While I was in Newport, Rhode Island, I visited a bookstore and bought a book about the history of the Vanderbilt family. I had heard of Commodore Cornelius Vanderbilt who had amassed the wealth, and the Vanderbilt name was linked with rich elite, but the name was not as commonly referred to as Rockerfeller or Roosevelt so I didn’t know much of anything about them. Perhaps if Grand Central Station had been named Vanderbilt Center, they’d still be more in the forefront.
What I learned was that Cornelius Vanderbilt was born and raised on a farm on Staten Island. When he was a teenager, he worked a ferry service shuttling people and produce from the farms on Staten Island to various docks in Manhattan. While continuing his ferry service, he went to work managing the steamboat service of Thomas Gibbons who wanted to drive his competition to either sell out to him or go out of business.
Cornelius to New Jersey with his wife Sophia, also his first cousin, and she opened a profitable inn there. For the California Gold Rush, Vanderbilt turned to ocean shipping. Then he bought the stock of the Harlem Railroad, made it profitable, and the rest is history..
The competitiveness was passed through the generations – his grandson Cornelius II bought the block on Fifth Avenue between 57th and 58th Streets to build the biggest house ever constructed in the US. And why? Because he wanted to outdo his friends and neighbors. By contrast, the amasser of the
|Commodore Cornelius Vanderbilt House|
10 Washington Place, NY
wealth, the Commodore moved from New Jersey to a relatively moderate home at 10 Washington Place (torn down to build a 6-story commercial building in 1900) which is now owned by NYU. I was there while it was being renovated and took a walk inside.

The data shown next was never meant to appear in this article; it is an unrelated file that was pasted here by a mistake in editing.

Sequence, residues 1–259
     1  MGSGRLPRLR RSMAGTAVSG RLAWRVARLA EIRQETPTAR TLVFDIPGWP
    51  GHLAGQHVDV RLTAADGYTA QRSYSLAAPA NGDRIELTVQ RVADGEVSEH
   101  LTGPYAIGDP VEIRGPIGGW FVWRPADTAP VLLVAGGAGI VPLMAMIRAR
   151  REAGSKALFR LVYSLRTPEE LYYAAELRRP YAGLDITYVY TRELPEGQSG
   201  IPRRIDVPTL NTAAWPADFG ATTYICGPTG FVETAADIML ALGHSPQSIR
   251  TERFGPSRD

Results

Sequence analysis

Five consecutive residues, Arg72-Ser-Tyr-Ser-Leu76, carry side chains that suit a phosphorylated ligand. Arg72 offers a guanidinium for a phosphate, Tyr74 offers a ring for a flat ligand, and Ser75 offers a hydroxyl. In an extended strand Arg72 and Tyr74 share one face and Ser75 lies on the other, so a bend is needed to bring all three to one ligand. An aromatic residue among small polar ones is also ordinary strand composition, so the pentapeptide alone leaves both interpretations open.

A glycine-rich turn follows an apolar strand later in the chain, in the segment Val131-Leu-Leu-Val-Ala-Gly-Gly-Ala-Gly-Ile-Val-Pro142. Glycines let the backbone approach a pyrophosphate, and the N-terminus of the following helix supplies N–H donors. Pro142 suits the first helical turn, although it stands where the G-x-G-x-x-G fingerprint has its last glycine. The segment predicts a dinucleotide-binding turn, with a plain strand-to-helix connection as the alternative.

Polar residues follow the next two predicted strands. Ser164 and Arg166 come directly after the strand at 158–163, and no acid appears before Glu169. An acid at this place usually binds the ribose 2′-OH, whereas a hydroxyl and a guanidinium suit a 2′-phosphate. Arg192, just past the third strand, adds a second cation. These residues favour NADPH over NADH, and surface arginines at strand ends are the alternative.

After his first wife (Sophia) died in 1868, Commodore Vanderbilt eloped in 1869 with another cousin, 43 years his junior. Her name was Frank Armstrong. A year later he financially sponsored Victoria Woodhull and her sister Tinny in become members of the New York Stock Exchange. There were rumors that Vanderbilt had an affair with Tinny, also much younger than he. The Woodhulls made a fortune on Wall Street and started their newspaper Woodull & Clafflin’s Weekly which published the first English version of Communist Manifesto by Karl Marx. Did the Commodore read it, I wonder.
Commodore Vanderbilt donated land to the Moravian Church in Staten Island and that is where he and some other members of his family are buried. I wanted to see it, so I took a trip over to Staten Island.
I only visited Staten Island twice while I lived in Brooklyn. I drove across the Verrazano Narrows Bridge (this is the bridge in Saturday Night Fever) just for fun and was surprised when I was charged a hefty toll to get back to Brooklyn. The second visit, I took the ferry from Manhattan. Staten Island doesn’t have a subway (underground), but it does have a train which I took to the New Dorp stop and walked up to the cemetery. The feeling being there was like a fishing village. The area isn't as densely populated or over-constructed as the other boroughs, and the feeling is lighter, newer.
I knew from the book that the Vanderbilt Mausoleum was at the rear of the cemetery and so that’s where I headed. At the back, I passed a vaulted exit with locked iron gates and couldn’t find the Vanderbilts. I asked some people in the cemetery and they directed me back to that vaulted exit. That was the entrance to the Vanderbilt portion of the cemetery. I found my way passed the gate and into a weird, silent, dead feeling. I walked about a quarter of a mile up a narrow road, passing lots of fallen dead trees and not seeing or hearing a living creature – not a bird or squirrel – the whole way.
|Vanderbilt Tomb Interior|
At the top, the feeling was creepy. The Vanderbilt Mausoleum resembles a small church with three sets of doors at the front and small vaulted windows above them. At one time the doors were iron gates, but in the 1960s a woman pulled on the gates trying to get inside the tomb and the gates fell on her and killed her. So, the gates have been replaced with gray steel industrial doors with padlocks. The windows above the doors have been stopped up with concrete blocks.
It is difficult to describe the feeling – sadness, loneliness, desolation. But certainly the place felt empty. I didn’t linger. I would never want to go back there.
It was only when I was walking back down through the cemetery that I realized I was walking on the farmland where Cornelius Vanderbilt grew up.